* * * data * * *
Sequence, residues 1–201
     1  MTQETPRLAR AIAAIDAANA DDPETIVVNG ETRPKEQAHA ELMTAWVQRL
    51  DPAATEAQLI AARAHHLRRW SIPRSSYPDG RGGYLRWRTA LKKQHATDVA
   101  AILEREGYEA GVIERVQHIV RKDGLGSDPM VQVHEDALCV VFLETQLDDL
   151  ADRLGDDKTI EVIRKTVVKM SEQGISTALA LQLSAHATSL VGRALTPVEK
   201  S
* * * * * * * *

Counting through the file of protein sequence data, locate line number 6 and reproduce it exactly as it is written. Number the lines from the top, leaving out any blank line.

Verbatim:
   201  S